What BYU students living with disabilities want you to know

Panel member Wills Cole addresses the audience. The panel members from left to right: Dallin Gardner, Wills Cole, Jacob Reeves, Sariah Broadbent and Natalie Daines. (Image courtesy of Dallin Gardner)

BYU students presented a disabilities panel on March 12 to answer questions about disabilities and inform students and staff about how to be more inclusive. 

Each student on the panel introduced themselves and a little bit about their experience living with their particular disability, after which the audience addressed questions to the panel.

Dallin Gardner, an accounting student who is hard-of-hearing, said it can be difficult to understand what is happening when multiple people are talking at once or aren’t speaking while facing him. Making eye contact can make a big difference.

When working on a group project, he said he appreciates when other students check with him before moving on.

He explained the difference between cochlear implants and hearing aids, as well as other etiquette tips when interacting with individuals who are deaf or hard-of-hearing.

Not all hard-of-hearing people know sign language, and speaking louder does help, but making sure to enunciate and speak clearly is just as important, Gardner said.

The panel was asked if they ever feel guilty or tired of asking for accommodations.

Dallin Gardner addresses the audiences at the disabilities panel. Each of the panelists took a turn to educate about their disability. (Image courtesy of Dallin Gardner)

Natalie Daines, a statistics student with ARFID and autism, said she did. Sometimes she feels silly saying music is too loud or asking about what food will be at an event, she said.

Gardner said asking for accommodations can be inconvenient or awkward. If a video is shown during class he can’t really ask the teacher to turn on the captions once it has already started.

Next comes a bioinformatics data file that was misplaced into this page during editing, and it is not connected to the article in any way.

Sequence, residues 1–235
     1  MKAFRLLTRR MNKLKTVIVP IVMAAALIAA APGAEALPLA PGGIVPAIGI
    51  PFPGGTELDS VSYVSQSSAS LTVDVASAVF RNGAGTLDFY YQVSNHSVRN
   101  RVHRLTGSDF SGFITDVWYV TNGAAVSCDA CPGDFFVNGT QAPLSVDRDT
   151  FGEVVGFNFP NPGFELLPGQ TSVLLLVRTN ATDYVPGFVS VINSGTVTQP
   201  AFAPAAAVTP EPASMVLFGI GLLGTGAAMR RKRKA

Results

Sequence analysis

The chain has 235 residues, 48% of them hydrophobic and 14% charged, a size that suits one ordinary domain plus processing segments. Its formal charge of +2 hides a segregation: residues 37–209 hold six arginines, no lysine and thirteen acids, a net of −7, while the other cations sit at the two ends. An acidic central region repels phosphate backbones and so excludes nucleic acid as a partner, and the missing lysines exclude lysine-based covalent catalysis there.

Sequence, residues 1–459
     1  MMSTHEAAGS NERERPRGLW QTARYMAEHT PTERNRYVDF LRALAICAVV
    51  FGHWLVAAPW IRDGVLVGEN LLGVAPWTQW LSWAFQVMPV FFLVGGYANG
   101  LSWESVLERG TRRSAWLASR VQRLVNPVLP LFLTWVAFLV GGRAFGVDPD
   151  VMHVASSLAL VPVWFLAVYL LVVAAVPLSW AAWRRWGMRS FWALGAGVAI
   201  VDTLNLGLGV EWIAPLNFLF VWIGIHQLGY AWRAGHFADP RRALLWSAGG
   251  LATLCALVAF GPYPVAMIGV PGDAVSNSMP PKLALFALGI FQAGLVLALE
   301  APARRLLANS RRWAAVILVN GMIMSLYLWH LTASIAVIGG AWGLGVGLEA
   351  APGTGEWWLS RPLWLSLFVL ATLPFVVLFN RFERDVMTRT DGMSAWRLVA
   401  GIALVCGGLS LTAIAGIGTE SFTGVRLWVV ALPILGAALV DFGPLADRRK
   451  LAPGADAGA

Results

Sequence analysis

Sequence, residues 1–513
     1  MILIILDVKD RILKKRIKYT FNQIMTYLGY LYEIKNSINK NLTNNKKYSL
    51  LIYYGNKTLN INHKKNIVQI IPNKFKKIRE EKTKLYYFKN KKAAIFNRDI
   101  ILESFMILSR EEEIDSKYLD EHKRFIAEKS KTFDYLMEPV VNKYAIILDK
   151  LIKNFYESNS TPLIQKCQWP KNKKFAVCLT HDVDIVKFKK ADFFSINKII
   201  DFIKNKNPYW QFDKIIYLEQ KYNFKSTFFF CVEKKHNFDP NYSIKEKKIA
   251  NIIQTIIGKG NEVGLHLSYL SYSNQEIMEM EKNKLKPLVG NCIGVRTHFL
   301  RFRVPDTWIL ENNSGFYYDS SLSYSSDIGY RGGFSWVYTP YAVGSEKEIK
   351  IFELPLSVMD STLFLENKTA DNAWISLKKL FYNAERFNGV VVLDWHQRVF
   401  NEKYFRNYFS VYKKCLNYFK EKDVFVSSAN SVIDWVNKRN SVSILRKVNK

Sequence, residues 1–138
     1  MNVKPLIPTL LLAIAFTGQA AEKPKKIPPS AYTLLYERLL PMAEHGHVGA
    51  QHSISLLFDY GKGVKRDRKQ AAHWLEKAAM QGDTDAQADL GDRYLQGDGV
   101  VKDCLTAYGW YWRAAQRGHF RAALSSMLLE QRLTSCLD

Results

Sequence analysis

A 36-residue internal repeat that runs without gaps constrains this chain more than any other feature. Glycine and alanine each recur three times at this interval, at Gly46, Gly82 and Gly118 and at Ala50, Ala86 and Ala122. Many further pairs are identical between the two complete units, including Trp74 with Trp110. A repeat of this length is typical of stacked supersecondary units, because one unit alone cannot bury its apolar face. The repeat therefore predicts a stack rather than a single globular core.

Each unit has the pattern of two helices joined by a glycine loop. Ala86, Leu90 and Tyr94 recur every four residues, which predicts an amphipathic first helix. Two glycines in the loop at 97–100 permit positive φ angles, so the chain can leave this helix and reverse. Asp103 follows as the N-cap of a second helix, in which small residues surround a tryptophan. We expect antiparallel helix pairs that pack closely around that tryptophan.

“None of us want to be a burden, but to be honest, we can’t be as effective learners without some of these accommodations,” Gardner said.

When asked what needs to change at BYU, panel members agreed students and faculty can try to be more comfortable talking about disabilities with the students who have them.

“I don’t get offended being asked what I can and cannot see or what my capabilities are,” Jacob Reeves, who is a senior in the accounting program and is legally blind, said. “It’s just nice when they come to me first.”

Reeves gave an example of how one professor anticipated how a visual aspect of class might be challenging for Reeves to follow along with and arranged for a TA to sit next to him and help.

Daines said she would appreciate a greater feeling of acceptance of those who are different.

Wills Cole, a student with a spinal cord injury, advocated for accessibility. “Just ask if I need help. Sometimes I will, sometimes I won’t,” he said.

The panel was asked what life lessons their disability has taught them.

“Patience — what a great virtue to have,” Reeves said. Growing up was frustrating because he was competitive, he said. Scheduling and organizing transportation from others because he can’t drive is also frustrating.

Panelist Sariah Broadbent educates the audience on her experience living with Type 1 Diabetes. Each of the panel members shared their own unique perspective. (Image courtesy of Dallin Gardner)

Reeves said he has come to understand what his limitations are, “but I know I’m capable and it takes me extra time, is all.”

Cole echoed the idea of learning patience. He has had to learn a new way of life in the past six years, using a wheelchair to get around. He said he still has a lot of gratitude.

“Learning to really be comfortable with who I am has kind of helped me cope with things,” Daines said.

Daines said she just needs to be aware of her needs. She knows she needs time to process things, and she needs to take breaks and be active while working.

Another lesson learned was empathy, Sariah Broadbent and Gardner said.

Gardner shared an experience he had with Cole in a class they had together. There was a day when the elevator in the Thomas L. Martin Building wasn’t working and their classroom was on the second floor.

Knowing he didn’t like being left out because of his disability, Gardner, with the help of the class TA, carried Cole up the stairs to their classroom.

If Cole had wanted to skip class that day he would have had a perfectly legitimate excuse, Gardner said. But he felt a responsibility to help Cole be included, because he knows how it feels when you’re not.

“Most of us — most people with disabilities — are willing and excited to talk about it,” Gardner said. “I know it’s an awkward thing to ask someone about that but I think we all get excited when we have an opportunity to answer questions about it.”

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